Bumble - I'd love to have a water lily but my pond is too shady.

    Karin - The variegated sea oats are stunning. I can hardly wait to see them sprout this spring. They're in a shady spot that needed some zest.

    Toni - Thanks for the advice on the water rush. Should it attempt to escape its pot, I'll be sure to show it who's boss!

    Crystal - Give the dracocephalum a try. It's a great plant!! It likes well drained soil.

    Holley - I love reviving the garden. Every year is a new opportunity to fix old mistakes. Plus, I get to buy a bunch of new plants! Hooray!

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  11. Wow, you have been busy! I can't wait to see all these growing in your garden. The grasses are lovely, and I hope the roses do well for you. Peggy Martin is so lovely, and Jude has truly amazing fragrance.

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  12. Me thinks YOU are going to have a wonderful time this coming Spring!! (I wonder, do the oats re-seed?) Beautiful collection!!!

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  13. You have a lot of exciting new plants! Can't wait to see the results of the makeover

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  14. That's A LOT of plants. You did do an overhaul. It will be interesting to see how it all does this year. I'm doing to the same thing but here and there......it's a lot of work! Look forward to the results:)

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  15. Wow Tammy that is a big load of new plants!!! I am envious of your Spigelia... want to get that AND the Variegated Solomon's Seal. What a great couple plants for shade.
    I had that Oenanthe javanica 'Flamingo' (Variegated Water Celery) in my Virginia garden...watch out. It gets really happy and spreads its roots in nice moist soil....alllllll over.

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  16. Wow, you have some great ones there! Congratulations on all your new acquisitions! I love the Sea Oats!

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  17. Hi Tammy, You are such a sweetheart to take the time to list the daylilies for me. I hope to have the money to order some new daylilies this spring and so I will have to keep your fragrant varieties in mind (fragrance is always such a great bonus in a flower, isn't it?).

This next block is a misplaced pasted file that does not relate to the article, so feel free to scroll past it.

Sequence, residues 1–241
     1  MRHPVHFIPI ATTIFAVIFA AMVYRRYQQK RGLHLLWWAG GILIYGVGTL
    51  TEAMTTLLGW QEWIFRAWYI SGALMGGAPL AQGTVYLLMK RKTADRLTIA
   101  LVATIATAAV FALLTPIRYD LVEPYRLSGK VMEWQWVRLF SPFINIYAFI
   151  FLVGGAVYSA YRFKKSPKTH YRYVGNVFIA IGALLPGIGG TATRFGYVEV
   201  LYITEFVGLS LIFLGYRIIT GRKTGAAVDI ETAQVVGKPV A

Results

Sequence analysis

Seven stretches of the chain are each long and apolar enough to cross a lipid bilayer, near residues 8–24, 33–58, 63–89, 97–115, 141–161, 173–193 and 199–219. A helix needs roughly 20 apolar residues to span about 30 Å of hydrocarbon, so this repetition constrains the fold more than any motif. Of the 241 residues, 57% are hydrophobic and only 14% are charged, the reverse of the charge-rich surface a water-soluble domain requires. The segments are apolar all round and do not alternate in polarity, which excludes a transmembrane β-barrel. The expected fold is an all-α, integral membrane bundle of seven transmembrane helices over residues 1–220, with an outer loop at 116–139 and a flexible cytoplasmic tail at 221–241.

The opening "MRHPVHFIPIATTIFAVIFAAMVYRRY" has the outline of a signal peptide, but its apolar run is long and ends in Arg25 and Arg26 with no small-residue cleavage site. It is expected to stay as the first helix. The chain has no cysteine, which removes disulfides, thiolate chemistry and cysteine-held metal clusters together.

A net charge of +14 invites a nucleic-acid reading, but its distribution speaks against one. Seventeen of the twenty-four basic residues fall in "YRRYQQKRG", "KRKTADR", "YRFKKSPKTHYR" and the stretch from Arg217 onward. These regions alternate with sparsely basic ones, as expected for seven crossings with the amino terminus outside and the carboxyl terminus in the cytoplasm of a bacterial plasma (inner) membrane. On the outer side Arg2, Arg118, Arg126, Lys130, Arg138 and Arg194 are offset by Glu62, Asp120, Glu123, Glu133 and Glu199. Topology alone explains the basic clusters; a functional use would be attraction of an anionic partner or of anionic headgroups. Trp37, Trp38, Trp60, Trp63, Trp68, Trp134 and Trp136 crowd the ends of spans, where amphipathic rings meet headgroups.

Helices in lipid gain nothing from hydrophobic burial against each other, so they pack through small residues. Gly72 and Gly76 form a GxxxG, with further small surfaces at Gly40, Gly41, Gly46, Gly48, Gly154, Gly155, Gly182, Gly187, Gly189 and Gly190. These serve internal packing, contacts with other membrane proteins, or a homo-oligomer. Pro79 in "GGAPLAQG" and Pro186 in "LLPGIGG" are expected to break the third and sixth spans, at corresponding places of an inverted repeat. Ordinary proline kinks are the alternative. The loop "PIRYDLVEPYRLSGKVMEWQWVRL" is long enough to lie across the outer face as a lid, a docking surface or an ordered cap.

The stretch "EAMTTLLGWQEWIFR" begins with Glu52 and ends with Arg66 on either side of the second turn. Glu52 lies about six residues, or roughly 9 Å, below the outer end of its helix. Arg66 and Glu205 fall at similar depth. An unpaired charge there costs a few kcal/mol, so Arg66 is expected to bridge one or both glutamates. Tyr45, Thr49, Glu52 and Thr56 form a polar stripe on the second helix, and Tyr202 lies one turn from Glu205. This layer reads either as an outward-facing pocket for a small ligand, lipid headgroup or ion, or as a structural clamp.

As far as hostas go, I have mostly no-name hostas that I got on final clearance. I would like to have more hostas, but want them to be "special". I will definitely keep fragrant Guacamole in mind.
    Thanks also for the link to Toni's blog. I like the curve and open look of the two framed windows. A curved shape is exactly what I want. (Toni's garden is so beautifully laid out isn't it! I am in awe.)
    Finally, on to this post. You have certainly added a wide range of plants. I look forward to seeing how they all turn out. I hate to be a party pooper, but did you know that Solomon's Seal is a bit invasive? I have a bunch of it as well, but it is too young to have become a problem. My mom warned me about it, and you know what they say, mothers are always right. I have mine in a spot where nothing else grows. Hopefully, I won't regret it. I have to say that it is a beautiful looking perennial.
    Love the roses! Don't know yellowroot at all. Can't wait to see how it does.

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  18. Love love your garden!! The bird houses are my best! I'm going to peep over into your garden alot from now on! THanks for joining the Harvest Day. Barbie

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  19. You have room for aquatic plants in your pond too! Fantastic. I'm keeping an ever watchful eye on that project, you really have me inspired.

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  20. You have certainly done a lot of work and have chosen some beautiful plants! I look forward to seeing them growing in your newly planned garden! Last year I planted Variegated Solomons Seal in a part of my woodland garden where nothing had thrived. I was surprised and pleased to see it flourishing and spreading!

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  21. I can't even imagine digging up plants, getting rid of them and replanting. What a HUGE job. I do not blame on digging the barberries though. You should watch them because I cut mine down and those boogers came right back-even a year later they are still trying to regrow. Your plant choices are very interesting. Some I don't even know. I do want to know how your yellowroot does. I have some in my garden and am hoping it comes back and spreads. It's so pretty in full glory but mine had not done well. Happy New Year to you and Happy Gardening!

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  22. No to Cię czeka sporo pracy.Myślę jednak, że warto, jeżeli Twój inny ogród ma spełnić Twoje oczekiwania i marzenia :-). Masz piękne kwiaty, a domek dla ptaszków jest słodki. Pozdrawiam ciepło.

    Well, a lot of work awaits you. But I think it's worth, if your garden is another meet your expectations and dreams :-). You have beautiful flowers, a house for birds is sweet. I greet warmly.